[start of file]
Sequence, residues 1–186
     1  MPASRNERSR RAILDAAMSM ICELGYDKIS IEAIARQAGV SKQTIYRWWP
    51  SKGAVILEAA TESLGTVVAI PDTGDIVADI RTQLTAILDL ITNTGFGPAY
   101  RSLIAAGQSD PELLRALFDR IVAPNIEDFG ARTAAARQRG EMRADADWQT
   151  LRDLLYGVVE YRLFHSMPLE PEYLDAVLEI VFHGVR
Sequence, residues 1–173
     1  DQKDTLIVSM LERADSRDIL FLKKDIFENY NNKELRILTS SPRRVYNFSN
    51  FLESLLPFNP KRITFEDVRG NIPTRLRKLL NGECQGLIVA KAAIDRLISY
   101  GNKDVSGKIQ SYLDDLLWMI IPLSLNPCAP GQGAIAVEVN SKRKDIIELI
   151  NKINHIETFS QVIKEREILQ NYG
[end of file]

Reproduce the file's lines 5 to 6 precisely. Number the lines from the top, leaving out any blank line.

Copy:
   151  LRDLLYGVVE YRLFHSMPLE PEYLDAVLEI VFHGVR
Sequence, residues 1–173